The Globe and Mail's Innovators at Work contest recognizes talented Canadians who not only have great ideas, but also turn them into reality. Thank you to Globe readers who nominated people from across Canada. The panel of judges has selected the top 12 Canadian Innovators. The first four winners were announced last week and here are the next four. The final quartet will be revealed next week.
It's easy to recognize innovation when it comes in the form of a sexy new gadget with an abundance of media buzz. But sometimes, innovation can be small improvements that have a big impact, says Dan Debow, senior vice-president of emerging technologies at Salesforce.com.
"People think innovation is high tech," says Mr. Debow, a judge for The Globe and Mail's Innovators at Work contest. "It's got to be either a group of hackers or something that's being done in clean rooms with lab coats. What we forget is that innovation is often incremental improvements in the practical realities of normal businesses."
A prime example of this kind of innovative thinking is the "Whale" tanker trailer devised by Mr. Thiessen, president and chief executive officer of Western Manufacturing Ltd., and an Innovators at Work winner in the Natural Resources category. The Whale is a 230-cubic-metre tanker trailer, designed to double the hauling and heating efficiency of mobile tanks used in the energy sector. The supersized tanker trailer – which is mostly used to transport water and other liquids for use in fracking – boasts an improved heating system and is about as big as Department of Transportation regulations allow.
It's innovative because Mr. Thiessen took a traditional mode of transport and found a way to improve upon it, says Mr. Debow.
"That's what I found so interesting about it," he says. "[Lonny] was thinking, 'How can I do this better? How can I imagine a future that is better?' He didn't invent a hovercraft water carrier; he's saying, 'I can change the way the truck is physically built,' and all of a sudden it changes the game."
Ms. Pick is another Innovators at Work winner who found a way to improve upon an existing process. The executive director of the Missing Children Society of Canada won in the Public Sector and Academia category for her forward-thinking Search program. When a child goes missing, police and media are notified through regular channels. But the newly developed Search app can also push alerts about missing children to private companies and ordinary Canadians through social media sites such as Facebook and Twitter, getting the word out more quickly to more people.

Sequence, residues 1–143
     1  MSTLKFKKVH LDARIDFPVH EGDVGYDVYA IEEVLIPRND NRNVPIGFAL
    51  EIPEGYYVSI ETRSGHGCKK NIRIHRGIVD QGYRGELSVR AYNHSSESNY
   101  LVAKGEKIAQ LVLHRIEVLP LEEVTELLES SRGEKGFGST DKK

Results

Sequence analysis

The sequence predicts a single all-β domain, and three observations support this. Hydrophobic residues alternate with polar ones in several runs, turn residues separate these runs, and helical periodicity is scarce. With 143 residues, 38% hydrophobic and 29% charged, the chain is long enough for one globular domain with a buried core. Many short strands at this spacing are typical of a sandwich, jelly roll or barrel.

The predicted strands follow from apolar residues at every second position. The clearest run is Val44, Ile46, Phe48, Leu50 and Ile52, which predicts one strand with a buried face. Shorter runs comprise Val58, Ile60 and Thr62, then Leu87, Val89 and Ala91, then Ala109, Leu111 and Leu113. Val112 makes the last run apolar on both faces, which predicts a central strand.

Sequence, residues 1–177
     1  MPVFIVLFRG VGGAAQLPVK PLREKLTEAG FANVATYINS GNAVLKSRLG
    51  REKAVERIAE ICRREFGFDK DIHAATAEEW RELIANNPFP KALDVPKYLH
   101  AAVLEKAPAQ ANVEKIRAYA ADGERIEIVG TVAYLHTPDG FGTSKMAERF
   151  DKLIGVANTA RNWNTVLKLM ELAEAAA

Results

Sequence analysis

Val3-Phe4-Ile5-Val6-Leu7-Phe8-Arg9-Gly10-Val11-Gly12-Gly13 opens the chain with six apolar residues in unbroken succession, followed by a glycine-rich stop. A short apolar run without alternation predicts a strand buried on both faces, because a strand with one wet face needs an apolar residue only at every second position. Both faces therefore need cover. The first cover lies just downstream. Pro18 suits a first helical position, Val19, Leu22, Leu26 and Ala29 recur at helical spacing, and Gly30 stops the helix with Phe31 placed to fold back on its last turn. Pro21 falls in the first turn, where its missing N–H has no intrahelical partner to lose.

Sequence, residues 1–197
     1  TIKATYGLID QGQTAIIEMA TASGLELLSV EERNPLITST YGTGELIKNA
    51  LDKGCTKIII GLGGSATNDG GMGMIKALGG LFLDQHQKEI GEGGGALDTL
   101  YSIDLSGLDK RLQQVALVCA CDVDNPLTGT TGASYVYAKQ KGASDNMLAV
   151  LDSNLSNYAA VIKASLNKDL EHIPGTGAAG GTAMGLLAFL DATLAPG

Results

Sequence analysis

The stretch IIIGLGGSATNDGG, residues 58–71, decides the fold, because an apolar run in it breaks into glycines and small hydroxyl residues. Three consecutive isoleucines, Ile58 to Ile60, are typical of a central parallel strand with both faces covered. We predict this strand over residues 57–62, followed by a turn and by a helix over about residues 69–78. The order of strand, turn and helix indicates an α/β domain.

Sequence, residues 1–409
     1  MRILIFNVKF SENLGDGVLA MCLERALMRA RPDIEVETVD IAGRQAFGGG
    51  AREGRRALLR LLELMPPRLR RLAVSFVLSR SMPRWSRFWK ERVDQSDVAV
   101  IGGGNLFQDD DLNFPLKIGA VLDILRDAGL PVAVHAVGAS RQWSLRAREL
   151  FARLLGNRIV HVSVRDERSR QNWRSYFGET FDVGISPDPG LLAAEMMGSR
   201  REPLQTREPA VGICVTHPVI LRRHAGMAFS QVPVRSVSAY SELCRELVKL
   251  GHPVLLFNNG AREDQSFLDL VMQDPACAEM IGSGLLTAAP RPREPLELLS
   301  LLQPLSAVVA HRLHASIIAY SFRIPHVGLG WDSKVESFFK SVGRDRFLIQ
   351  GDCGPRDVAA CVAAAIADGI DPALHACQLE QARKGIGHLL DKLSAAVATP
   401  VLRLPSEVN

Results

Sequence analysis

It's a great example of how technology can be applied to all parts of our society, Mr. Debow says.
"Innovation doesn't have to be exclusively, 'Hey, I launched a new product.' Social innovation is exploding in Canada, and people want businesses and ideas with purpose," Mr. Debow says. "The cost of innovating for these not-for-profits is coming down and just like the rest of society, they are realizing that they can no longer engage and interact with their constituents the way they used to. What I saw [in the Search program] was that this project isn't just about business, but innovation in the way we deliver better community."
A winner in the Science and Technology category, Mr. Milne set out to improve chemical products across a number of industries after taking over his father's company, Alex Milne Associates. Mr. Milne has developed a number of safer, more ecologically-minded products, from water-based boat cleaners to mosquito repellents made from garlic oil to plant- and mineral-based products that reduce dust in horse arenas.
"[Bill] saw the way he had solved one environmental problem and took that solution and applied it to another industry, and then another industry," says judge Sheldon Levy, president and vice chancellor at Ryerson University in Toronto. "I thought that was very clever that he asked, 'If it could work here, why can't it work there?'"
Judge Annette Verschuren, chair and chief executive officer of NRStor Inc., was impressed by winner Ms. Ching's innovative HerSwab, a self-test for cervical cancer that women can do at home. It's a product that could have a big impact on Canadian health care, says Ms. Verschuren, and could even save lives.
Ms. Ching, chief executive officer at Eve Medical Inc., is a winner in the Health category. HerSwab, which is available for research and limited commercial use, is being developed to alert women who test positive for high-risk human papillomavirus (HPV), so they will seek follow-up with a physician.
"What I liked about Jessica's idea is that it came out of a conversation she had with women around a table," Ms. Verschuren says. "This idea came out of need, and she saw the opportunity because she talked to customers.
"Those are the best ideas, quite frankly. Inventors are usually the people who see problems out there and look for solutions, and the best way to do that is to talk to potential clients and the general public."